Home truths: Notes from the assessor
After conducting home energy assessments for several years, Richard Keech shares some of the all-too-common problems he sees.
This article was first published in Issue 141 (Oct-Dec 2017) of Renew magazine.
Since mid 2015 I’ve worked doing building energy assessments in Victoria, mainly for homes and mainly on behalf of ecoMaster. In that time I’ve visited about 290 clients to inspect their premises. In this article I’ll try to convey insights about homes and energy based on my experiences. Some of this is specific to Victoria’s housing stock and temperate climate and some applies to all homes.
The assessment process itself
Winter thermal comfort is the biggest motivator in Victoria
I usually begin by asking clients what motivated their interested in an assessment. By far the most common response—probably three-quarters—is thermal comfort. Of that, most is winter thermal comfort. So whatever concerns people may have, it’s thermal discomfort that turns their interest into action. Given the current media discussion about energy costs, it’s interesting that cost is actually far behind thermal comfort in getting people engaged in the process.
People like to talk about their house
There’s an element of therapy about consulting on home efficiency that goes well beyond people simply receiving information about the state of their homes. It’s very much a two-way process. So patiently listening to people talk about how their home does or does not work seems to help people engage in the issue of home energy and comfort.
People don’t value professional advice highly enough
I’m very lucky to work for one of the few companies that consult on home energy efficiency. But even so, many people expect a lot for nothing, especially when it comes to draught proofing and general advice. Understanding a client’s home, sufficient to specify the many things typically needed to draught proof a home, is time-consuming.
The people who most need professional advice are the least likely to get it
A tiny fraction of households seek professional advice about their homes’ efficiency. And I expect that the homes we see are far from being the worst out there.
Tenants are missing out
Only a tiny fraction of our consultations apply to rented premises. Landlords and tenants both obviously lack the motivation to spend the money on a consultation because the cost and benefit incentives are misaligned. As a country we need ways to motivate landlords to improve their properties for the benefit of the tenants. This is worthy of a whole separate discussion; e.g. see this article in The Conversation and Energy-efficient renters in Renew 134.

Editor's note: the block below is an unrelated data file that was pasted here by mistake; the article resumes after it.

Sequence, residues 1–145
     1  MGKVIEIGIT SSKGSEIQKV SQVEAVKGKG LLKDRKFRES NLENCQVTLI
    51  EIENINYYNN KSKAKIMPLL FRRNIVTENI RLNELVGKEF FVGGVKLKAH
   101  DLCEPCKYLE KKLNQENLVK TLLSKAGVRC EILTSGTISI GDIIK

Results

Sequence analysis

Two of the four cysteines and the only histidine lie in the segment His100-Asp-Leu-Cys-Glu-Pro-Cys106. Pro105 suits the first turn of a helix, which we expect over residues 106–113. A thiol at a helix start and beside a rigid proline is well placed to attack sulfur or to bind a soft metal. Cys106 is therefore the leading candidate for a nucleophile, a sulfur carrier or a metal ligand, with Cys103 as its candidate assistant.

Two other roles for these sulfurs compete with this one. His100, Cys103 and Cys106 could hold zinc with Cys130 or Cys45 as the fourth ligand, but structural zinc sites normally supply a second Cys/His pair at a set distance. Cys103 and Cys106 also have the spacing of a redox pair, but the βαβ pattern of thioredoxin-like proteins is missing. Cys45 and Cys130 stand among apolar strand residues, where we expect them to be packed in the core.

The top things I’ve learned about homes
Newer homes often have poorer prospects than old homes
The older a home is, generally the worse its baseline thermal performance. However, newer homes often have worse potential for improvement for a number of reasons.
- Slabs: On-slab construction is much more common in recent years and it’s not practical to retrofit insulation to a slab as you can with many timber floors.
- Eaves: Current building practice is often oblivious to good passive solar design, especially when it comes to the use of decent eaves to help shade windows in summer.
- Dark roofs: The recent common practice of using very dark roofing colours is problematic for summer-time thermal comfort. There appears to be cultural resistance to light-coloured roofs.
- Hard-to-insulate roofs: Newer homes often have shallow-pitched or flat roofs which are hard or impossible to access for inspection and upgrading of insulation.
People often overlook split systems as an efficient heat source
Contemporary split system air conditioners make very efficient heaters. However, most people don’t realise this and, often, when a split system is present, it goes largely unused in winter in situations where it could save money and improve comfort. See ‘A tale of two heaters’ in Renew 133 and the All-electric special in Renew 140 for case studies.
Awareness is emerging of the problems with gas
Two years ago people were surprised to hear me explain the fundamental problems with using gas as a heat source. Today it seems the message comes as less of a surprise.
Fixing draughts nearly always gives the best bang for buck
The low-hanging fruit when it comes to fixing homes is nearly always the draught proofing. It’s often overlooked or done badly.
Warped doors render weather strips pointless